When ADHD presents in traumatized children: A differential diagnoses.

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  • Other descriptions: ill mannered, immoral, excessively passionate, emotional, idiot or imbecile despite normal intellectual development (Barkley, 1999, p.28).
  • The diagnoses we assign a cluster of symptoms often change over time. our understanding changes Societal context changes Technology changes, etc
  • They both mention anxiety disorders, but do not specifically list PTSD or trauma. In 2000 published “Clinical Practice Guideline: Diagnosis and Evaluation of the Child With Attention-Deficit/Hyperactivity Disorder. Makes six recommendations for the diagnosis of ADHD in addition to the DSM IV TR criteria including assessing for associated or coexisting conditions but fails to identify trauma.
  • Put some statistics on child abuse
  • Healing cannot begin unless the trauma ends!
  • Trauma may be ongoing. When it doesn’t end, the trauma and its implications for the child are compounded. The artist of this oil painting is Jody Castelli, a women who has been diagnosed with DID since doing this painting. She is a survivor of horrific child abuse which went undetected for her whole childhood. She had been institutionalized and misdiagnosed numerous times before learning she was DID and identifying 44 alter personalities.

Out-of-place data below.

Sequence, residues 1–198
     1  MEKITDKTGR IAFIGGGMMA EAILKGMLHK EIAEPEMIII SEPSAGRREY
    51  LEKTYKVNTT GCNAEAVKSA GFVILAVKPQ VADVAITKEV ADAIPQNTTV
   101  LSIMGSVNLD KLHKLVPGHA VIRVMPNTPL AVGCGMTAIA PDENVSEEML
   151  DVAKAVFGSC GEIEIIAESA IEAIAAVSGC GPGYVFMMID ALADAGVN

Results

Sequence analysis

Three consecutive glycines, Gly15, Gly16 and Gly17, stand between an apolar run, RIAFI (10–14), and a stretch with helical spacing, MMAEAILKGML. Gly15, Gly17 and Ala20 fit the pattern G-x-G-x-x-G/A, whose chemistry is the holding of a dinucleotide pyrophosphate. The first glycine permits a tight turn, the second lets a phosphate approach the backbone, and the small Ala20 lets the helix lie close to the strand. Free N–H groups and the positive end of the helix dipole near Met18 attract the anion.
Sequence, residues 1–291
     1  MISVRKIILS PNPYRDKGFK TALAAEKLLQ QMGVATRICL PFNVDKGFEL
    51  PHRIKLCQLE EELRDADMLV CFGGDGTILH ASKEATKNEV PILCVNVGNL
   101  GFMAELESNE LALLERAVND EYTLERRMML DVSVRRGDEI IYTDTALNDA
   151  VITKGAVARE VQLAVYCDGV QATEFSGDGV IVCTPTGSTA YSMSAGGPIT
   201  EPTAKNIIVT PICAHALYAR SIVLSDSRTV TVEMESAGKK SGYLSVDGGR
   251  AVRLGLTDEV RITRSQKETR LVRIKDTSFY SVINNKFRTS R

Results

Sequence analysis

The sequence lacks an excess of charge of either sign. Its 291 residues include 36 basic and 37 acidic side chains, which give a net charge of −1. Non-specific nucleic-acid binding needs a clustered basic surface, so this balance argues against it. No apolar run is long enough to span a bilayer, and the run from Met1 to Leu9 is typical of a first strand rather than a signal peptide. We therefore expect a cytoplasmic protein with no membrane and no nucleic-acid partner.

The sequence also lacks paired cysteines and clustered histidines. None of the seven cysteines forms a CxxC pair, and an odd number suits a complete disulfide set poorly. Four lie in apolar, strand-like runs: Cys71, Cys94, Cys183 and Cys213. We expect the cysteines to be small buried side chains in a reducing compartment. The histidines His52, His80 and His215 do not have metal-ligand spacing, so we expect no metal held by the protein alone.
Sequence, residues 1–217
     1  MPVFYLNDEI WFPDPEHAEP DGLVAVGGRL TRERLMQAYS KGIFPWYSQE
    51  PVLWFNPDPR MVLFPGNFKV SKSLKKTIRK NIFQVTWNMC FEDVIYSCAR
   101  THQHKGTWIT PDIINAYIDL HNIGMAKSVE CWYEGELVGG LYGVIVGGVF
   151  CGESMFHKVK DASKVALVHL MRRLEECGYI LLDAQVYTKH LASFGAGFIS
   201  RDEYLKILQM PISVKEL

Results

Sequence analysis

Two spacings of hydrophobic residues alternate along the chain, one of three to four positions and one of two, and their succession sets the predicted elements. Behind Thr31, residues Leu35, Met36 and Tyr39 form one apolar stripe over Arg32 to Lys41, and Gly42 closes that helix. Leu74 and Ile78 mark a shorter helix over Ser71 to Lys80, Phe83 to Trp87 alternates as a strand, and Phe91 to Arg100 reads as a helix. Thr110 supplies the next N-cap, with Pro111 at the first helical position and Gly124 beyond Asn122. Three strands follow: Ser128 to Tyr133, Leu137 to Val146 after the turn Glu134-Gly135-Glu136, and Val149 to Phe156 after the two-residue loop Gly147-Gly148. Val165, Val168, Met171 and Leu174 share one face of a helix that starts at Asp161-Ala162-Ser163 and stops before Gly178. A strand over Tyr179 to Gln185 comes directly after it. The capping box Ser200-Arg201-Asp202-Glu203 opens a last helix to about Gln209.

• In the book “Too scared to cry.” Terr wrote
  • “ Rapport is crucial for diagnosis” - (Blank, 1994, p. 353).
  • The authors review and evaluate the assessment measures currently available for the evaluation of potentially traumatic events and posttraumatic stress disorder symptoms in children less than 6 years old.
  • When ADHD presents in traumatized children: A differential diagnoses.

    1. 1. When ADHD presents in traumatized children: A differential diagnoses. Sophia Deborah Erez California State University, Northridge December 2006
    2. 2. ADHD <ul><li>Fidgety Phil </li></ul><ul><li>Volitional inhibition </li></ul><ul><li>Restlessness syndrome </li></ul><ul><li>Organic drive ness </li></ul><ul><li>Post encephalitic behavior disorder </li></ul><ul><li>Brain injured child syndrome </li></ul><ul><li>Minimal brain damage </li></ul><ul><li>Minimal brain dysfunction </li></ul><ul><li>Hyperactive child syndrome </li></ul><ul><li>Hyper kinetic reaction of childhood </li></ul><ul><li>Attention deficit disorder (ADD) with or without hyperactivity </li></ul><ul><li>Attention-deficit hyperactivity disorder </li></ul><ul><li>Attention deficit/hyperactivity disorder </li></ul><ul><ul><li>Combined </li></ul></ul><ul><ul><li>Predominantly inattentive </li></ul></ul><ul><ul><li>Predominantly hyperactive-impulsive </li></ul></ul>
    3. 3. Trauma <ul><li>Susto </li></ul><ul><li>Ataque de nervios </li></ul><ul><li>Railway Spine </li></ul><ul><li>Soldiers heart </li></ul><ul><li>Battle fatigue </li></ul><ul><li>War combat syndrome </li></ul><ul><li>Shell shock </li></ul><ul><li>War neuroses </li></ul><ul><li>Posttraumatic stress disorder (PTSD) </li></ul><ul><li>Complex PTSD </li></ul><ul><li>Rape trauma syndrome </li></ul><ul><li>Battered women’s syndrome </li></ul><ul><li>Chronic interpersonal trauma </li></ul><ul><li>Chronic developmental trauma </li></ul><ul><li>Complex trauma </li></ul><ul><li>Disorders of extreme stress not otherwise specified (DESNOS). </li></ul>